Pope Francis is the fourth most powerful person in the world, and the most powerful Latino, according to Forbes' annual "Most Powerful in the World" rankings.
Only Russian President Vladimir Putin, President Barack Obama, and general secretary of the Communist Party of China, Xi Jinping, ranked higher, respectively, than his holiness.
Pope Francis became the first Jesuit and Latin American to lead the Catholic Church's 1.2 billion followers — 40 percent of whom live in Latin America and the Caribbean. According to Forbes, the Argentinean- born has "breathed new energy" into the Church, emphasizing humility, compassion for the poor, and embracing social media with over 3 million followers.
In case you were wondering, Pope Francis got a higher ranking than Pope Benedict, who was ranked #5 in 2012 and #7 in 2011.
The 76-year-old Pope ranked higher than the only other Latinos on the list of 72: Mexico's Carlos Slim (#12), the world's richest man; Brazil's President Dilma Rousseff (#20); and Mexico's President Enrique Peña Nieto (#37).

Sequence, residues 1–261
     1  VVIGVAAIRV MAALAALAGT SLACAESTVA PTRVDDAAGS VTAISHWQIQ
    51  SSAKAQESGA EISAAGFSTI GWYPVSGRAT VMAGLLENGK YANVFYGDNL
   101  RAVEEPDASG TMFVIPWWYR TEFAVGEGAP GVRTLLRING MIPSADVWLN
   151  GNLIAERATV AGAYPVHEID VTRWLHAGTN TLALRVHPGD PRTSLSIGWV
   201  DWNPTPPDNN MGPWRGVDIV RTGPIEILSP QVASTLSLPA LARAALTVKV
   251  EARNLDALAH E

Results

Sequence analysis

Slim, who is worth $73 billion thanks to the telecom industry, seemingly owns a bit of everything from soccer clubs to the New York Times. Rousseff is the second most powerful woman in the world, second only to German Chancellor Angela Merkel. She will be leading Brazil as the country hosts the World Cup in 2014 and the Olympic Games in 2016 and also had enough guts to cancel a visit to the White House over reports of the National Security Agency spying on her.
Of the world's 7.2 billion people in the world, Forbes editors pick the 72 most powerful every year based on the number of people a person influences, the financial resources he or she controls, whether or not the candidate is powerful in more than one hemisphere of the world, and whether or not a person actively uses his or her power.
Based on the wisdom of the editors, Pope Francis #4 spot seems to make sense. He has influence over 1 in 7 human beings on Earth, is the CEO of the Vatican – which is worth about $8 billion –, there are Catholics in all hemispheres and this Pope is a headline machine, openly weighing in on any of the world's issues.
Bryan Llenas currently serves as a New York-based correspondent for Fox News Channel (FNC) and a reporter for Fox News Latino (FNL). He joined FNL in September 2010 and assumed the added position of FNC correspondent in July 2013.